A haunting rendition of the troped Kyrie Orbis Factor by Ensemble Organum below:

English composers frequently considered the Kyrie to be part of the Proper rather than the Ordinary, so their Mass settings would begin with the Gloria. These tropes were used in Europe as well. Though they were suppressed by Trent in the Roman Mass, the old tropes still lend their names to the Mass settings in the Kyriale. The one cited above gives its name to Gregorian Mass XI, the Missa Orbis Factor. Another trope, which began with Lux et origo lucis, summe Deus, would give the name of Mass I, the Missa Lux et Origo, suggested for Eastertide.

The Gloria and Collect

If the Gloria is to be said, the priest begins it from the middle of the altar. The Tridentine instructs the priest to remain at the middle, reciting the rest from an altar card if necessary; but as there were no such things as altar cards when the Sarum was in use, Sarum has the priest return to the Epistle side, after saying the first words at the middle, to read the rest from the Missal. Sarum and Trent have all the same customary bows at Adoramus te, Gratias agimus tibi, etc. and the sign of the cross at the end. The Sarum, though, apparently has some additions to the Gloria for Masses of the Virgin Mary. For example, after "Lamb of the Father", it adds "First Born of the Virgin-Mother Mary". It has "Receive our prayer, to the glory of Mary", and "For Thou only art holy, sanctifying Mary; Thou only art the Lord, ruling Mary; Thou only, crowning Mary, O Jesus Christ, with the Holy Ghost..."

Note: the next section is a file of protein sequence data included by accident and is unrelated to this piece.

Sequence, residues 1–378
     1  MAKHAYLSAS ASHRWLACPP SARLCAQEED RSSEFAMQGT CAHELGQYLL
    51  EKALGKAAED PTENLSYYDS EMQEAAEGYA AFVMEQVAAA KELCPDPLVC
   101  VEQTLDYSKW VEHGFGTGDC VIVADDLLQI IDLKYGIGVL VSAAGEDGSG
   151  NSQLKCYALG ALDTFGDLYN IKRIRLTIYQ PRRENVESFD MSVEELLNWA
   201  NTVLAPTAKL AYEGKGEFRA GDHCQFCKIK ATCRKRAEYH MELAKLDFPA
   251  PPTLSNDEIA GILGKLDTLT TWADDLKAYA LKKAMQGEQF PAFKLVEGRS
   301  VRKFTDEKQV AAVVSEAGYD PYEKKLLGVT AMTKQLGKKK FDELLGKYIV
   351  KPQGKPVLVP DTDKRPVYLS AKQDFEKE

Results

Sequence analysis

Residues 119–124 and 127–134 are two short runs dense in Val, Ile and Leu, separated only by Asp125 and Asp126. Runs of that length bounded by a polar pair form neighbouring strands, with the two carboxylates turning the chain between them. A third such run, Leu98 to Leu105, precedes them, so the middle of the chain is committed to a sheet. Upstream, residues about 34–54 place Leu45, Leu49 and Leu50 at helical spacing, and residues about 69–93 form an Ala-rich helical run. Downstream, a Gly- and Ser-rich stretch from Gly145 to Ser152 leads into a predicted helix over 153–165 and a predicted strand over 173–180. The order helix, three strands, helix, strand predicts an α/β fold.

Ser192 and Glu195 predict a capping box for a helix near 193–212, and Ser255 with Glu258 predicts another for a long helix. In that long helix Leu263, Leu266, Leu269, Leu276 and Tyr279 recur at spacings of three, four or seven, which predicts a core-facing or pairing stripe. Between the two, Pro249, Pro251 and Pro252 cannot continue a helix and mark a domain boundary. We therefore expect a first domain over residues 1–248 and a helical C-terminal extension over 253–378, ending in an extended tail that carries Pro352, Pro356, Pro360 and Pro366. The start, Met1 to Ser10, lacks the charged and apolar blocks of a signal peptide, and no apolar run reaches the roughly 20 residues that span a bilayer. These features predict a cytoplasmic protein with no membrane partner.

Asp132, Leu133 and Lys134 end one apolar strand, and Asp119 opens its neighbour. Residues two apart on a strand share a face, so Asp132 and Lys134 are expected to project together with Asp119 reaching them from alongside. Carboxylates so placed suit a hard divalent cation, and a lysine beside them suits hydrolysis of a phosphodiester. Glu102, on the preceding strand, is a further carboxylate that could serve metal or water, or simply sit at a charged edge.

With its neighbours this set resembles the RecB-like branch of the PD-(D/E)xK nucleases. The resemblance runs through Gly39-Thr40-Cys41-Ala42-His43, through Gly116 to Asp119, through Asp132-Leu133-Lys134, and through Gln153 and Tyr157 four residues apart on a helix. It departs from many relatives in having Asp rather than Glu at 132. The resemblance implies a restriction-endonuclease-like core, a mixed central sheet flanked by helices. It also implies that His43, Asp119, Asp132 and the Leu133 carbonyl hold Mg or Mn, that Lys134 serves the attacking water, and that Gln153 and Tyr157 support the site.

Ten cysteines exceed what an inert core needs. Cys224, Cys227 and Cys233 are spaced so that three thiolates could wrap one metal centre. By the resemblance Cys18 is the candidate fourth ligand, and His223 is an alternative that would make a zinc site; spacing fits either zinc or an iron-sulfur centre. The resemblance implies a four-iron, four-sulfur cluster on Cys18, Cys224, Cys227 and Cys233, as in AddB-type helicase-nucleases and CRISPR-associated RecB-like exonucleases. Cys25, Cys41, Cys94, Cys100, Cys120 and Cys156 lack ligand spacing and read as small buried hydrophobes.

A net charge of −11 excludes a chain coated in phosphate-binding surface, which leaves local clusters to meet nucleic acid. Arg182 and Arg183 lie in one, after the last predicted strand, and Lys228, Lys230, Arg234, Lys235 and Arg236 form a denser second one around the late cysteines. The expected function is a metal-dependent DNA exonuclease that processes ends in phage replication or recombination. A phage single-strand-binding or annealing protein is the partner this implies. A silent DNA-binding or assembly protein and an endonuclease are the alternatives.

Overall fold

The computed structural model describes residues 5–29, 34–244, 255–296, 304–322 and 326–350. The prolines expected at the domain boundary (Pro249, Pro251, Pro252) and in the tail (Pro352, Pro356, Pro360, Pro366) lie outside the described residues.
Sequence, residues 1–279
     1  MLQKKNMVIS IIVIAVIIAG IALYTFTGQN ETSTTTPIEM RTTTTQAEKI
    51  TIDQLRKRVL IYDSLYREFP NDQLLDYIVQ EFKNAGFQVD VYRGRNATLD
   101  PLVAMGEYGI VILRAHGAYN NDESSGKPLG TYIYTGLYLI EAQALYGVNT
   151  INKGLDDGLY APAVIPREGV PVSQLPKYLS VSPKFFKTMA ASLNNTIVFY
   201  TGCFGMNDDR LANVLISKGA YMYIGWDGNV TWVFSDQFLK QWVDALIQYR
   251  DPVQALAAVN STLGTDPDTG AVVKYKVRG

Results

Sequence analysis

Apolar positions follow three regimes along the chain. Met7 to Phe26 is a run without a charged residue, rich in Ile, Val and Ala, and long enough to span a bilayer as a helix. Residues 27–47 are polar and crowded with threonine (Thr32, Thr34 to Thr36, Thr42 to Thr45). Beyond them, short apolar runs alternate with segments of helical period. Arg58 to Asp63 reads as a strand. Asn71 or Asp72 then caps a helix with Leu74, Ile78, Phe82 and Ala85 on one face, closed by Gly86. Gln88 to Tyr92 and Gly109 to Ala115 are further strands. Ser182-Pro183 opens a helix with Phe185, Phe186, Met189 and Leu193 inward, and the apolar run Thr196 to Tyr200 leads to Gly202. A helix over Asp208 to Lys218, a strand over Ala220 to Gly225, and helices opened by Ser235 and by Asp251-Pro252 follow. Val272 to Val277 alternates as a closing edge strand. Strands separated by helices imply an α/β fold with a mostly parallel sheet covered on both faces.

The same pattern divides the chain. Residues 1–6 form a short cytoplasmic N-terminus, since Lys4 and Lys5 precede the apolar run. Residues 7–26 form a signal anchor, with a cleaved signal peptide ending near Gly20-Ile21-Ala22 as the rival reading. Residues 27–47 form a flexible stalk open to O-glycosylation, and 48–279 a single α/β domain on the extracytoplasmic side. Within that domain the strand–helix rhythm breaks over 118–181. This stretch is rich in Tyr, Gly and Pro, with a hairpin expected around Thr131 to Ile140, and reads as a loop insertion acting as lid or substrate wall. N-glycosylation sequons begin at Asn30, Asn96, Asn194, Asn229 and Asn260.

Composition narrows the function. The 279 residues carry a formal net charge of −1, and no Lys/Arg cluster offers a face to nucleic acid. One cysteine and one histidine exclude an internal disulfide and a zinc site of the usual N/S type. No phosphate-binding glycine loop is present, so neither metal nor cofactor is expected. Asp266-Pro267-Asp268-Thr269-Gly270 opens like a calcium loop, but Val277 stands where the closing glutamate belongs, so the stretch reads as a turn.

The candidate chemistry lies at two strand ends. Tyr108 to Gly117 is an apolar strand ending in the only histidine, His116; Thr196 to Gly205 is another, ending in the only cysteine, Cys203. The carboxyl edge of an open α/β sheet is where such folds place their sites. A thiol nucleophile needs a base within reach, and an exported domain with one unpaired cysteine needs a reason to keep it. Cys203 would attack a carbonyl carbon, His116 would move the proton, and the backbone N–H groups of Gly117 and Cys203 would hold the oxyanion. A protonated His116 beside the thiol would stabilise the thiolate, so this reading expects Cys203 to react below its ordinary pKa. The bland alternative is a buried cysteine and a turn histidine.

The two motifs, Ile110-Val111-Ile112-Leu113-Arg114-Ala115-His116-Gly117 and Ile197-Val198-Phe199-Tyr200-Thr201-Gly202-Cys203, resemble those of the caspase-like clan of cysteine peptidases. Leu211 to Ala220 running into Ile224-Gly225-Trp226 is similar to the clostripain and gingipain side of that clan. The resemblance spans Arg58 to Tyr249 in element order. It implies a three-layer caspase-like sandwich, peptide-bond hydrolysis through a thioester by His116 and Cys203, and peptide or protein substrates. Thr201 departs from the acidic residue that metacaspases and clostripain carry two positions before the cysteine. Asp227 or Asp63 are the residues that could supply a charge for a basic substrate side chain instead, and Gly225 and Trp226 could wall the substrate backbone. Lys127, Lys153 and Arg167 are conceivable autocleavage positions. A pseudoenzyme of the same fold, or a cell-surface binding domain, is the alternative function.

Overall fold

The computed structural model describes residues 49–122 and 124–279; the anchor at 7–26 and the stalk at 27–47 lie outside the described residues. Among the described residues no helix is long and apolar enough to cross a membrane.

The priest returns to the middle to turn to the people for Dominus vobiscum, then begins the Collect. 

Out of curiosity, I looked at the Collects for the upcoming Sundays to see if there was any similarity between the two Missals. At the time I'm writing this, the upcoming Sunday in the 1962 Missal will be the 20th after Pentecost. The Sarum Missal counts Sundays after Trinity Sunday. Since Trinity is the Sunday after Pentecost, that means the upcoming Sunday according to Sarum would be the 19th after Trinity. They were not the same, but I then saw that this upcoming Collect for 1962 (Largíre, quæsumus Dómine) appears pretty much exactly the same in Sarum for the 21st after Trinity. It would take a much larger study to compare all the Propers of the two Missals; a project I definitely have no plans to attempt in the near future, if ever. Let's just move on for now.